In January this year the Solvency II directive for insurance and reinsurance business in Europe, was finally enacted. Then came Brexit. Pádraig Floyd finds out if this means the UK will choose a new direction.
In September, the House of Commons Treasury Select Committee launched an inquiry in light of the Brexit vote as to whether Solvency II should be retained, or if the UK should consider a different direction for financial regulation.
The trouble with doing your own thing is the scope of these regulations. Solvency II is a directive that consolidates regulation not only around capital adequacy, but cross-border business. It covers the rules about the operation of passporting services across Europe, which remove the need to set up business in each country.
This allows operations like the London market and Lloyd’s of London to write group business without having to have a presence in other European nations. There is, however, a tension within the market between those who wish to operate within an EU regime and the UK-focused insurance companies that are not necessarily on the same page. “If they are not doing cross-border business, their interaction with the EU legislation is less critical,” says Hugo Laing, international insurance partner at Eversheds.
Should the UK decide to go it alone there are alternatives, such as the Norwegian model, which mean signing up to existing rules, which seems unlikely. The Swiss model uses bilateral agreements to operate within the same rules and this has not been a hindrance to its banking and insurance industries.
“Alternatively, the select committee may choose to negotiate some form of equivalence of Solvency II whereby the EU will recognise similar regimes,” says Laing. While this may satisfy some of the insurers, other insurers, the banks and asset managers all have their own views. Meanwhile, some parts of the financial services sector – US banks in particular – are considering whether London will remain the best place to do business.
There’s a good bit of ‘wait-and-see’ going on, says Michael Tripp, partner and head of financial services at Mazars, though some insurers have made noises about moving part of their operation into the EU. “I don’t think any of them will be moving lock, stock and barrel out of London,” says Tripp. “It seems likely we will keep some form of equivalence in order to make the UK attractive on a global basis.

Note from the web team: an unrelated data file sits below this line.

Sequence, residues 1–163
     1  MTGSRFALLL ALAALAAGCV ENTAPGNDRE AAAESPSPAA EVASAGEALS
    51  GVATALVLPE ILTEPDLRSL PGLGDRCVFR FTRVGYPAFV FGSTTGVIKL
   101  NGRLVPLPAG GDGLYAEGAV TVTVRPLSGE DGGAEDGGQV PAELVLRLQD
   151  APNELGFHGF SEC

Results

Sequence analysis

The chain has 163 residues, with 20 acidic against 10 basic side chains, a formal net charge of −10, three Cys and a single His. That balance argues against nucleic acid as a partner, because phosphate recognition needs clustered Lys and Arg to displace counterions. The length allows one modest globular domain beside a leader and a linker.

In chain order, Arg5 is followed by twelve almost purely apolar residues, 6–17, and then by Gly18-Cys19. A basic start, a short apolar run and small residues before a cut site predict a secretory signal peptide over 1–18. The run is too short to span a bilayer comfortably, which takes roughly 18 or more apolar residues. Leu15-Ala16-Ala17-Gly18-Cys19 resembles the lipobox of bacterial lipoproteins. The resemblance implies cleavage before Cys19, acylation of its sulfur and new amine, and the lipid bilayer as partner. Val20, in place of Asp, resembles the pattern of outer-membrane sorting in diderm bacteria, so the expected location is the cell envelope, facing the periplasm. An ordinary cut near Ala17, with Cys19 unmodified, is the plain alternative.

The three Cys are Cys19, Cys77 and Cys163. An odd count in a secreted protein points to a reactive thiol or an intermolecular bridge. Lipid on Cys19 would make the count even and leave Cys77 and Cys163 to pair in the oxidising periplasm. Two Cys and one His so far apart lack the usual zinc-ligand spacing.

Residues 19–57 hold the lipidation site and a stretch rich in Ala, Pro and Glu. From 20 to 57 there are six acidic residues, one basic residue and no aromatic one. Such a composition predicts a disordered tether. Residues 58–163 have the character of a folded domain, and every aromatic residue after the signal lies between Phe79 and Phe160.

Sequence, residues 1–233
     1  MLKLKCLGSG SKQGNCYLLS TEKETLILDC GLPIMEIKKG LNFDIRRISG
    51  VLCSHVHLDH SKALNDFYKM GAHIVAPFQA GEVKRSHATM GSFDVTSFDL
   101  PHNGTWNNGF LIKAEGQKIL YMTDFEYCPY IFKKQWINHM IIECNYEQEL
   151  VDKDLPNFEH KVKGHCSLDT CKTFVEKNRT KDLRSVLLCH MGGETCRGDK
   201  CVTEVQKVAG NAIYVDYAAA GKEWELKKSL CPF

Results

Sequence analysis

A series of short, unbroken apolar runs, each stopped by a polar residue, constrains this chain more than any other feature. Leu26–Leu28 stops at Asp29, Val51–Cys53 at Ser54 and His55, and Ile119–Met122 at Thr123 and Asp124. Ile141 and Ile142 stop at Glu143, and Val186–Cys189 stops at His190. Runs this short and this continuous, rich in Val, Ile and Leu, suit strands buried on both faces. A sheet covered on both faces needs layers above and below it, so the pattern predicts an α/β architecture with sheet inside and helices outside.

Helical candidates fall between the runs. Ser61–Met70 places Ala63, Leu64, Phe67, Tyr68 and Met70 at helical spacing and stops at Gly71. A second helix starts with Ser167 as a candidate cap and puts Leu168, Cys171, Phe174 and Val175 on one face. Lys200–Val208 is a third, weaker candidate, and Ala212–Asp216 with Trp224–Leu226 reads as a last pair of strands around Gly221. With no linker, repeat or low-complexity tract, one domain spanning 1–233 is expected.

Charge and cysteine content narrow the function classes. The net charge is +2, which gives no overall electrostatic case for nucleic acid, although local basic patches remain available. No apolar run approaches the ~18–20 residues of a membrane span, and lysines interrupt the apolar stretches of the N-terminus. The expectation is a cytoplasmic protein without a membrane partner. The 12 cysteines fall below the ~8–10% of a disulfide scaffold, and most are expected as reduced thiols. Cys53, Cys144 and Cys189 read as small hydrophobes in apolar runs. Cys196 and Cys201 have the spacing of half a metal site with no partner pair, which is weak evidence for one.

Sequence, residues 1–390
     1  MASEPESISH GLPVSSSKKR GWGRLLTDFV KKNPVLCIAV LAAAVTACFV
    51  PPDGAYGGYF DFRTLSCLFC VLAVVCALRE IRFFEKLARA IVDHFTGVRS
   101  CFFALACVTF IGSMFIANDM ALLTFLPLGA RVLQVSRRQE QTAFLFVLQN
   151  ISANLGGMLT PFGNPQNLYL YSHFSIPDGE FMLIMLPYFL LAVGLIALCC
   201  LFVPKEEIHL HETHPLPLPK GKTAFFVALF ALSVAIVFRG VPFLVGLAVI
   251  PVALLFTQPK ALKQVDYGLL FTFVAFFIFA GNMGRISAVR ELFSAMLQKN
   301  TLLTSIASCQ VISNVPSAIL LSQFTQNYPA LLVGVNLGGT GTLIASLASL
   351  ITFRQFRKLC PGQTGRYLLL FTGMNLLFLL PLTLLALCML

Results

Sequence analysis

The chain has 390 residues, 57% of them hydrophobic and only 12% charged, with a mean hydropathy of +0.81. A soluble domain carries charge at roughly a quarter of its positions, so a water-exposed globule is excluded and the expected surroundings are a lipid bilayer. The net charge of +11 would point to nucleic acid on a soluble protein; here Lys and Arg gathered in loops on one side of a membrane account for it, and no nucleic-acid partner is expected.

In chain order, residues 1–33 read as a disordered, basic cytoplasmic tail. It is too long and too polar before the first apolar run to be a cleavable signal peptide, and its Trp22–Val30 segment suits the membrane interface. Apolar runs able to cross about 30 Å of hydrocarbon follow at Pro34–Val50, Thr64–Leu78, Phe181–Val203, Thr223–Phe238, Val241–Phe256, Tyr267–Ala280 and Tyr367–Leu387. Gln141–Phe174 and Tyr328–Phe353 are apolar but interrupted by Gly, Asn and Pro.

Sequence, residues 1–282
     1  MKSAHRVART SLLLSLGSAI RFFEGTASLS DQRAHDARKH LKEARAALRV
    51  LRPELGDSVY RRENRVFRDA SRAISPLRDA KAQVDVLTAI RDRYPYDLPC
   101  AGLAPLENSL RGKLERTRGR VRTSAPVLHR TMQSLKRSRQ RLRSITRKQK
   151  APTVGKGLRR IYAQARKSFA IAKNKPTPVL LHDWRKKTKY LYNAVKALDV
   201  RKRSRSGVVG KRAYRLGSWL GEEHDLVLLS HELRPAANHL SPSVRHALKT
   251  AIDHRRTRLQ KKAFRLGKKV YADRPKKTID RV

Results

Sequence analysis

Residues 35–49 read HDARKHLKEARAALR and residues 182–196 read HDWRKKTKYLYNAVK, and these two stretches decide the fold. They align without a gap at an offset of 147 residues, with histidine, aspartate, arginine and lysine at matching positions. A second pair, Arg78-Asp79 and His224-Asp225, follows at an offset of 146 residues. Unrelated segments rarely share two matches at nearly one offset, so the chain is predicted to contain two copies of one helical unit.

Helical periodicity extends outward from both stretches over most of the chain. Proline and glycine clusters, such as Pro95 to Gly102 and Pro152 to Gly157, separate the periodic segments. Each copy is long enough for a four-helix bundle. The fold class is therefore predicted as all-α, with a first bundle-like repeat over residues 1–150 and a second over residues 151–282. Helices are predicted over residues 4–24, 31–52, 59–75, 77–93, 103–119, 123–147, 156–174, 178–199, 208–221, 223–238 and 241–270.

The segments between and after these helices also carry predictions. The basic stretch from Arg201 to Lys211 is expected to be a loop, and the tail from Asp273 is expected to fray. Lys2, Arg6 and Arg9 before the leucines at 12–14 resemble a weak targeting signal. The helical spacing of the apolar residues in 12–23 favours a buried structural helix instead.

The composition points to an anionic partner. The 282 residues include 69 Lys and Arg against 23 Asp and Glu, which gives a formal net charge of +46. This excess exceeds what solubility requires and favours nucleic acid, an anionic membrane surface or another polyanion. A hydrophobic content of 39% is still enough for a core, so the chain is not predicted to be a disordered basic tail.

“Quite apart from that, so much work has already gone into Solvency II that no one will want to start all over again.”
Solvency II is a risk-based regime that most people support in principle and which was founded on a UK idea for a capital regime. However, the UK has a tendency to not only follow the rules, but gold plate them.
The benefits of Solvency II are that it is a risk-based regime, but the reporting looks incredibly complex, says Tripp. London is an attractive location as a hub for financial services. People like living here and it is already the centre of excellence in the mixture of knowledge, skills and experience which is unique, says Tripp. If moving elsewhere, the loss of key skills and the cost of a subsidiary would have to be taken into account.
Even if the UK wishes to deviate, there are more international global standards on the horizon that companies operating from London or the UK will have to comply with.
Laing would tend to agree that the best case scenario would involve the EU recognising the UK as a properly supervised market and agree an equivalent or abridged version of Solvency II, providing the best of both worlds.
There will be parts some won’t like, but the worst-case scenario could leave UK-based firms facing large organisational restructuring and huge short-term costs to exit markets or gain a European foothold. “People here are very innovative and will find ways of making it work, even if some players choose to move part of their business elsewhere to hedge their bets.”
Ashley Smith, SVP business development, at technology company Silverfinch believes while the regulator has been lenient in 2016, and he anticipates a much stronger stance for 2017 compliance.
“It doesn’t help that the market is split among regulators, with insurers under the PRA and asset managers under the FCA,” says Smith. But, it is unlikely companies will be able to ignore Solvency II as changes in another part of the sector are causing it to become integrated. It is developing much faster in asset management and we are seeing a link between solvency and PRIIPS (packaged retail and insurance-based investment products).
Finally, those who want to see the UK pull out of Solvency II should be careful of what they wish for, warns Laing. Currently, there are some things the regulators cannot rule on, but if the FCA or PRA had greater autonomy, they would also have greater power. Is that a consequence financial services entities are prepared to entertain?